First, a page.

November 6, 2006

John Howe (1630–1705) on Blood Guiltiness and the Redeemer's Death

(2.) But we are further to persuade this reconciliation to God, from the way wherein our Lord effects it: "in the body of his flesh, through death," or by dying a sacrifice upon the cross. And now you know this, will ye not yet be reconciled to him? Consider,

[1.] You will herein frustrate, and make insignificant to yourself, the highest demonstration that could be given of God’s good-will towards you. "God so loved the world," &c. John iii. 16. And what could our Lord himself have done more to testify his own love? "For greater love hath no man than to lay down his life for his friends," John xv. 13. Yea, for those that were not so before, but wicked enemies; only that thereby they might be made friends, Rom. v. 8. And what could it signify to you, to represent the divine love to you by so costly a demonstration, if it do not gain your love?

[2.] And what could be so apt a means, sinner, to break thy heart, and conquer all thy former enmity, as to behold thy Redeemer dying upon the cross for thee? "They shall look upon me whom they have pierced, and mourn," Zech. xii. 10. "And I, if I be lift up, will draw all men to me;" which our Lord said, signifying what death he should die, by being lift up on the cross, John xii. 32, 33. Now what dost thou think of thyself, if such a sight will not move thee? An earthly, carnal, worldly mind, is declared over and over to be enmity against God, Rom. viii. 7. James iv. 4. But how remarkable is it, that such a temper of mind should be so peculiarly signified to import enmity to the cross of Christ! Phil. iii. 18, 19. I tell you of such, weeping, saith the apostle, that do even continue their enmity even in the face of the cross! And who even by that itself are not overcome!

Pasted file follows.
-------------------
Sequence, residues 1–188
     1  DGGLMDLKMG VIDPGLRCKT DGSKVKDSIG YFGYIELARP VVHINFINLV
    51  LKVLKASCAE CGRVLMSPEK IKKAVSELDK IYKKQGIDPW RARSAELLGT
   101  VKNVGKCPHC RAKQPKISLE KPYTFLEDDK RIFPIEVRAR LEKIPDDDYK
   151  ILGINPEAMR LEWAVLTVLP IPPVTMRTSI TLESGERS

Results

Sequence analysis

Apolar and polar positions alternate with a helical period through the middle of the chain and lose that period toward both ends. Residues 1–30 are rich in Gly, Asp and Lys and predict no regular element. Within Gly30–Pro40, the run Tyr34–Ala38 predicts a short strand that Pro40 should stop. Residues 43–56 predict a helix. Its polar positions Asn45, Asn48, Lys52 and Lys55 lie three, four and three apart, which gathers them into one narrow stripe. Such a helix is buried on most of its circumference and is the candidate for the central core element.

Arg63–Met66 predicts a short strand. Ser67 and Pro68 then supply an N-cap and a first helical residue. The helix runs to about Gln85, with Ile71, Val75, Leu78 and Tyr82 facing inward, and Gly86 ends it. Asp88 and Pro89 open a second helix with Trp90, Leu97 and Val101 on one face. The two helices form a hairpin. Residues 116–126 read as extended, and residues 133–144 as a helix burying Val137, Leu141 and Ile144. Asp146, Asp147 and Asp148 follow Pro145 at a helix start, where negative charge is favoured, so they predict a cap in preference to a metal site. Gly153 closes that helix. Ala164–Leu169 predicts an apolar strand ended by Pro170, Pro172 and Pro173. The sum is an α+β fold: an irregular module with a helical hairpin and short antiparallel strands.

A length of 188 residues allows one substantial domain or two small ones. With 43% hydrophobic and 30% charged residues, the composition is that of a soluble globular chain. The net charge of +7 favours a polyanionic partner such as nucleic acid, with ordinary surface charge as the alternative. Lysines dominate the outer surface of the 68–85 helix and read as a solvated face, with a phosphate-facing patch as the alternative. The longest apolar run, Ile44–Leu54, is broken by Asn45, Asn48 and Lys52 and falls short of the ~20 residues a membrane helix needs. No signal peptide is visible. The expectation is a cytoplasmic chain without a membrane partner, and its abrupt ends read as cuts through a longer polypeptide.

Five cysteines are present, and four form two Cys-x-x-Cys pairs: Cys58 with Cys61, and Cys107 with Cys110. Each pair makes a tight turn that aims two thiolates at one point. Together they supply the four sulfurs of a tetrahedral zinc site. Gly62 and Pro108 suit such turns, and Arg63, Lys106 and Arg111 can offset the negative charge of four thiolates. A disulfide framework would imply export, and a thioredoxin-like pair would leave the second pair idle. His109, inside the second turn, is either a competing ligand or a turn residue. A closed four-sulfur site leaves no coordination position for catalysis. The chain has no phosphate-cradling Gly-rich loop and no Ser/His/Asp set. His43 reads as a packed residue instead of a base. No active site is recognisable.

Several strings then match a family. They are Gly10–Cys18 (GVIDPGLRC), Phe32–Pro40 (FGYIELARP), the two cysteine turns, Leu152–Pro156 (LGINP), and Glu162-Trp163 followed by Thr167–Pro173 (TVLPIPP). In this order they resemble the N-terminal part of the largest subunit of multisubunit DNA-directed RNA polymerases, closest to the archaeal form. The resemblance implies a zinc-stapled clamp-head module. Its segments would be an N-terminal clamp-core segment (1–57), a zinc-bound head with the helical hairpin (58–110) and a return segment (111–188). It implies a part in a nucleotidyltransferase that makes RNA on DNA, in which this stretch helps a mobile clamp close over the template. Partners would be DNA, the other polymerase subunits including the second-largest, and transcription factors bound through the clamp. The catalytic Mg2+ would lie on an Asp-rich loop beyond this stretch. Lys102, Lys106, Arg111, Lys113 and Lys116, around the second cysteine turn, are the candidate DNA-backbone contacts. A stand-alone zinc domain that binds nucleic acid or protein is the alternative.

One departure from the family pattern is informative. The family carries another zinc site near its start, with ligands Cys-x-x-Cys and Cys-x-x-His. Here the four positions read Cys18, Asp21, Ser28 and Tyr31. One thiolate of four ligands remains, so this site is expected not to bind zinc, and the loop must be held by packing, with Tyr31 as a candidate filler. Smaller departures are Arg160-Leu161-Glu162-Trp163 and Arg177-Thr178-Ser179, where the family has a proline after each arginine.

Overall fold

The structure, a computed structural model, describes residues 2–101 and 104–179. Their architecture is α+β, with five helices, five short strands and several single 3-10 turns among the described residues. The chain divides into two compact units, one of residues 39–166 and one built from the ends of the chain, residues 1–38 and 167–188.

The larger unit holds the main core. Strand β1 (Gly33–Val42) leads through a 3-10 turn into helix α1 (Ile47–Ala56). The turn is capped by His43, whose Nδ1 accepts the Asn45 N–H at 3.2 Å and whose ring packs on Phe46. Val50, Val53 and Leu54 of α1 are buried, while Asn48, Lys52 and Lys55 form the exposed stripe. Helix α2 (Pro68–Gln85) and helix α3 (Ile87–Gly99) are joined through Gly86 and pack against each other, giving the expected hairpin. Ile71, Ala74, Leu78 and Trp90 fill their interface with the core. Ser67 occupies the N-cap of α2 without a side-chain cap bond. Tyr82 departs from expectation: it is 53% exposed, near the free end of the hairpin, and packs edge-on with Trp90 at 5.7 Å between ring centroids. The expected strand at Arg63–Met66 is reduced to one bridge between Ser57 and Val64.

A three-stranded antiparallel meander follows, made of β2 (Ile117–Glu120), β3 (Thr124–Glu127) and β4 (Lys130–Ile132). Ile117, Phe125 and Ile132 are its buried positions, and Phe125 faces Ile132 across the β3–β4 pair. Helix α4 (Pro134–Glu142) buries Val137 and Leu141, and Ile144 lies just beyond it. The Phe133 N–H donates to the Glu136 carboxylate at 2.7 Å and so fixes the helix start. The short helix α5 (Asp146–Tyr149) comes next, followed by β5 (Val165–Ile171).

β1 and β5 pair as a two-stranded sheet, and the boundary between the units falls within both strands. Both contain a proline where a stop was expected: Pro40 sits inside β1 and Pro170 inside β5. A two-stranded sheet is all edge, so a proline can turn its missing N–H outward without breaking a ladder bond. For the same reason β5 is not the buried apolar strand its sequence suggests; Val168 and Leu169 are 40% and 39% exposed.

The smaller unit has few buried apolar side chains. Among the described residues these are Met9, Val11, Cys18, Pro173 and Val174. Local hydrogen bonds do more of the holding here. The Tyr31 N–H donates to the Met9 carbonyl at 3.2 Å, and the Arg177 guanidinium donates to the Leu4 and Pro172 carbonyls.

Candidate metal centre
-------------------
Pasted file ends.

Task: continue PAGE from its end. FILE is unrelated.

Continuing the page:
[3.] If thou wilt not be reconciled, Christ did, as to thee, die in vain; thou canst be nothing the better. Think what it must come to, that so precious blood, (infinitely exceeding the value of all corruptible things; silver and gold, &c. 1 Pet. i. 18, 19,) should be shed, to redeem and save such as thou, and yet do thee no good?

[4.] If thou continue to the last unreconciled, it not only doth thee no good, but it must cry, and plead, most terribly against thee. Blood guiltiness is a fearful thing! What must it be, to be guilty of such blood! If thou wert guilty of the blood of thy father, thy child, or of the wife of thy bosom, how would it astonish thee! But to be guilty of the blood of the Son of God! How canst thou live under it? If thou wert guilty of all the innocent blood that ever was shed since the creation of the world, it were not comparable to the guilt of this blood!
John Howe, "Of Reconcilation Between God and Man," in The Works of John Howe (Morgan, PA: Soli Deo Gloria, 1990), 1:459–460.


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